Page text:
UNIVERSITY PARK (AP) - Heavy metal music blared from speakers across the Penn State practice field before a pre-dawn workout, the throbbing bass beats echoing off nearby campus buildings.
Indeed, it is a new world in Happy Valley.
Bill O'Brien is setting his own tone barely two months into his tenure as Nittany Lions head coach - though apparently he left the choice of tunes to his players.
"We've got to talk about that. I love music, but not that kind of music," O'Brien joked before a recent early-morning team workout. "I'll bring my iPod out here."
The most noticeable sounds at practice once belonged to O'Brien's predecessor, the late Joe Paterno, whose distinct voice pitched higher when he got angry.
More importantly - when it comes to how the new offseason strength and conditioning routine might affect the product on the field - is the change in the weight room under O'Brien.
Paterno favored a "high intensity" training program with an emphasis on endurance. Players hit the exercise machines, hard. This past season, in fact, Paterno placed an emphasis on conditioning to help answer a spate of injuries in 2010.
Those machines are now gone, though, from the weight room at the Lasch Football Building. Instead, O'Brien hired a strength coach, Craig Fitzgerald, whose program focuses more on free weights, Olympic-style lifting and squats. Fitzgerald calls the philosophy "all-inclusive," and features speed, agility, explosiveness and "football-related flexibility."
It's a welcome change for the most vocal critics of the offseason program among Penn State's fervent fans, though the workout philosophy itself is fairly common.
But after Paterno's 46-year tenure, even the most minor changes are bound to be noticed.
"It's not new to me," O'Brien said. "We want players that are moving and play fast, that are in great condition and can play at a high tempo next year ... We want to move weight. That's very important."
The high-energy Fitzgerald might be the perfect assistant to keep time. He's a bundle of energy as he barks out instructions in the weight room.
Fitzgerald praised the previous staff for molding disciplined players who are usually early for workouts or team events. In the old regime, the team had an unspoken rule of keeping "Paterno Time," or regularly showing up early for appointments.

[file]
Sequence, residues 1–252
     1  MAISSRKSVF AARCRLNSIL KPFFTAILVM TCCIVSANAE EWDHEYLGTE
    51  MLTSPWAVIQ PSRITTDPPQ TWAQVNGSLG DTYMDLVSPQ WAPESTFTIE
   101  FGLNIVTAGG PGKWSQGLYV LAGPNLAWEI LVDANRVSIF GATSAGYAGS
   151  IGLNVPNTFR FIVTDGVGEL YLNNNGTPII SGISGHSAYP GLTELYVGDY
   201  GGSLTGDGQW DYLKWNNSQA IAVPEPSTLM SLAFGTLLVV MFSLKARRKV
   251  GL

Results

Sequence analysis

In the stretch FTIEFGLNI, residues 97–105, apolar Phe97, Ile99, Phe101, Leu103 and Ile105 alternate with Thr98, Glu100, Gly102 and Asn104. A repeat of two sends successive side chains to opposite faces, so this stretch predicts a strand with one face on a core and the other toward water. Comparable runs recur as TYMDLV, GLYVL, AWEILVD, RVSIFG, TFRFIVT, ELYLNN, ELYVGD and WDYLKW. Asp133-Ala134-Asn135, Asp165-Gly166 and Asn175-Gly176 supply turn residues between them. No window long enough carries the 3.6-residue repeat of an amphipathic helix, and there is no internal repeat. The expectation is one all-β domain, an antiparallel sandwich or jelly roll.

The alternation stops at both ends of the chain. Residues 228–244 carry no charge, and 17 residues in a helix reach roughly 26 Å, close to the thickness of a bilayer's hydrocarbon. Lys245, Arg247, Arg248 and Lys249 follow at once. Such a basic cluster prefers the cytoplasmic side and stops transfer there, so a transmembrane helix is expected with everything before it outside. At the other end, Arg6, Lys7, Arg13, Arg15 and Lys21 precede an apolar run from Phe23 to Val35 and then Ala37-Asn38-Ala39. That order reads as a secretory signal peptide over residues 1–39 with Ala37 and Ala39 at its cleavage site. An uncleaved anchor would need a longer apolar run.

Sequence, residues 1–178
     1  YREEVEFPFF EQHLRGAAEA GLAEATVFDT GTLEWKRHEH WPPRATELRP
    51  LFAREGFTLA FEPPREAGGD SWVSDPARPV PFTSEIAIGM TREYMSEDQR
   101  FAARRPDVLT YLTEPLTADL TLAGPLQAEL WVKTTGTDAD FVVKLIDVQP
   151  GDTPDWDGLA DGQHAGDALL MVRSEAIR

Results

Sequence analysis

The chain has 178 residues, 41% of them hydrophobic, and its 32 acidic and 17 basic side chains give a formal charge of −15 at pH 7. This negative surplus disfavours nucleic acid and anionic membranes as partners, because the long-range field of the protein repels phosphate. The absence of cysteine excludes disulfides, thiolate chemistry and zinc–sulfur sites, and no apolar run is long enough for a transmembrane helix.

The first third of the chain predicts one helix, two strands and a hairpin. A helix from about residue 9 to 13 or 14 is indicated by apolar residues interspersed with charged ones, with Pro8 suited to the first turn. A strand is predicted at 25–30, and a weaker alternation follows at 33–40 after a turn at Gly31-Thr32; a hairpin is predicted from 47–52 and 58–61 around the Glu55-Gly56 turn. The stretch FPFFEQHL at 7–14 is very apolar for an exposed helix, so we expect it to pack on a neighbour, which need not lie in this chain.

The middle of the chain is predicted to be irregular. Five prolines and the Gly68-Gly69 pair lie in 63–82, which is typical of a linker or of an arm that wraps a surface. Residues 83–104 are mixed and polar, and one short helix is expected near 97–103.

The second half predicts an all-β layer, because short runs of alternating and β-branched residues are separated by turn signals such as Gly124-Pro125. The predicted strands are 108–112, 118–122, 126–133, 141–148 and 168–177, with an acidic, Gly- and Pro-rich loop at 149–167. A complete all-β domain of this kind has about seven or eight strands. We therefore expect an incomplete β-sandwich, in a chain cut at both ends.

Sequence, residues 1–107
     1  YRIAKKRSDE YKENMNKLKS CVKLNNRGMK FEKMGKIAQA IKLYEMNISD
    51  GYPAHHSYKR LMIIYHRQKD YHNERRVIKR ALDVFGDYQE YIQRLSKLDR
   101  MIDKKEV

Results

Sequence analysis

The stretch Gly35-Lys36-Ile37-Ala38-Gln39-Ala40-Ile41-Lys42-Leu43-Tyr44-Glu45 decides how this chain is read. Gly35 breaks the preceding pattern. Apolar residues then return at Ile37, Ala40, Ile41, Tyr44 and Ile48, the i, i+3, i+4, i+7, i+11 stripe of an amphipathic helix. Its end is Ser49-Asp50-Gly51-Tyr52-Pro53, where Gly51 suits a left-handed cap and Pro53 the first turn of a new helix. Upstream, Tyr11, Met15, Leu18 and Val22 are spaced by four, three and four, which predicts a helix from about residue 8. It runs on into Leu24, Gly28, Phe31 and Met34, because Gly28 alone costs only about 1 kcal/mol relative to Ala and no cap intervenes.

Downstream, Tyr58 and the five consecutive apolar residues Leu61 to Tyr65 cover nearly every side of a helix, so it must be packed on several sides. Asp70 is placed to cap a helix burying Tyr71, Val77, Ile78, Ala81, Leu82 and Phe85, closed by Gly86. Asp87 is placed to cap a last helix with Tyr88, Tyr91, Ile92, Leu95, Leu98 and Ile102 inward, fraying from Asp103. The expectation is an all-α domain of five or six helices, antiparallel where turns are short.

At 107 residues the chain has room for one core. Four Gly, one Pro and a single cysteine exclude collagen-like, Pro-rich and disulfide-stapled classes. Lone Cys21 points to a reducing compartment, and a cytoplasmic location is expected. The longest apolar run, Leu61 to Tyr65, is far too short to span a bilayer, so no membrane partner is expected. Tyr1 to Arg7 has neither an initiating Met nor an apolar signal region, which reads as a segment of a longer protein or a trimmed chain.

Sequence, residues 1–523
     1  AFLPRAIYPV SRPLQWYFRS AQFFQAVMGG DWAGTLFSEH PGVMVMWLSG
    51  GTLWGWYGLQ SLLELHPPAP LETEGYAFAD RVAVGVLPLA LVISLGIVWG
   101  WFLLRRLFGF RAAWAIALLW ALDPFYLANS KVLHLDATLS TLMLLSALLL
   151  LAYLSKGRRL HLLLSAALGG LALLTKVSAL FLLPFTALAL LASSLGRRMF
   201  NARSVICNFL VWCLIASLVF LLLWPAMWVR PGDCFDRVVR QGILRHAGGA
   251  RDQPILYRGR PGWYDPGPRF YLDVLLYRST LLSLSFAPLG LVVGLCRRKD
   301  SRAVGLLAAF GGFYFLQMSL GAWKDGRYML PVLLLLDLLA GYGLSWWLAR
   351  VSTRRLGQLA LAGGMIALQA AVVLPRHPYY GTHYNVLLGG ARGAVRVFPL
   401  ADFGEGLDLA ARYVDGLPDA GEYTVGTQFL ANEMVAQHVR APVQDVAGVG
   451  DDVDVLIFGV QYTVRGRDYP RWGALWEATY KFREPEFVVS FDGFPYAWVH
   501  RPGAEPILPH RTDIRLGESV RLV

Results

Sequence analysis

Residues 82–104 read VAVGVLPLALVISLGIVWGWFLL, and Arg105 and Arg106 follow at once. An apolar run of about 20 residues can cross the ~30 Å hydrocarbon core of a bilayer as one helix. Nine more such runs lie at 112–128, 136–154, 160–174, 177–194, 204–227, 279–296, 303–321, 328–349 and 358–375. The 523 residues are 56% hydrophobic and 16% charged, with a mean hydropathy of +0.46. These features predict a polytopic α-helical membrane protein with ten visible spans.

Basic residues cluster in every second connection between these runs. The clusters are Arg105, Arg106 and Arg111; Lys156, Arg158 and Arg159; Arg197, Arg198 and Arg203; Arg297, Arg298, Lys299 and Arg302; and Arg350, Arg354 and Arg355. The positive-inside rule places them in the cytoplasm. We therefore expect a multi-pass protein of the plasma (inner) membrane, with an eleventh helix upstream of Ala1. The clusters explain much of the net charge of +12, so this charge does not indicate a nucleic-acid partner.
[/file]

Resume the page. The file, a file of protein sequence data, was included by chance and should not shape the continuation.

Paterno's offseason program, though, didn't appear to put a premium on preparing players for the NFL.
The next level of football may not necessarily be a main focus of the new Penn State program, either, though O'Brien did just spend the last five seasons as an assistant for the New England Patriots. Most recently, he coordinated the potent offense while serving as the position coach for star quarterback Tom Brady in the Patriots' run to the Super Bowl this month. New England lost to the New York Giants, 21-17.
But that's in the past.
Now, O'Brien is more focused on his team perfecting power clean lifts, which involve lifting a weighted barbell off the floor while hunched over at the hip up to the shoulders while standing.
It just sounds difficult.
When asked about the importance of the technique, now a regular part of Penn State's workout regime, Fitzgerald said it helped develop players' explosiveness on the field.
"There's a good carryover," he said. "It carries over to your vertical jump testing and broad jump testing. And that's what (in) the NFL, it seems important to test, to see if a guy can play at your level."
The weight room workouts followed the early-morning conditioning drills on the outdoor practice field with temperatures in the 30s - another new wrinkle, as is the added level of competitiveness that O'Brien is trying to instill ... even in the offseason.
The outdoor portion ended with Fitzgerald pulling out a cylindrical blue contraption with handles he called "the tug." Two players - one from the offense and one from the defense - lined up at the 5-yard line on either side of the tug. The offensive player won if he pushed the contraption over the goal line. The defender won if he pulled it to the 10.
"It's about camaraderie. It's about getting better," O'Brien said about the offseason philosophy. "It didn't always look fun out here this morning.
"But it's been a good start."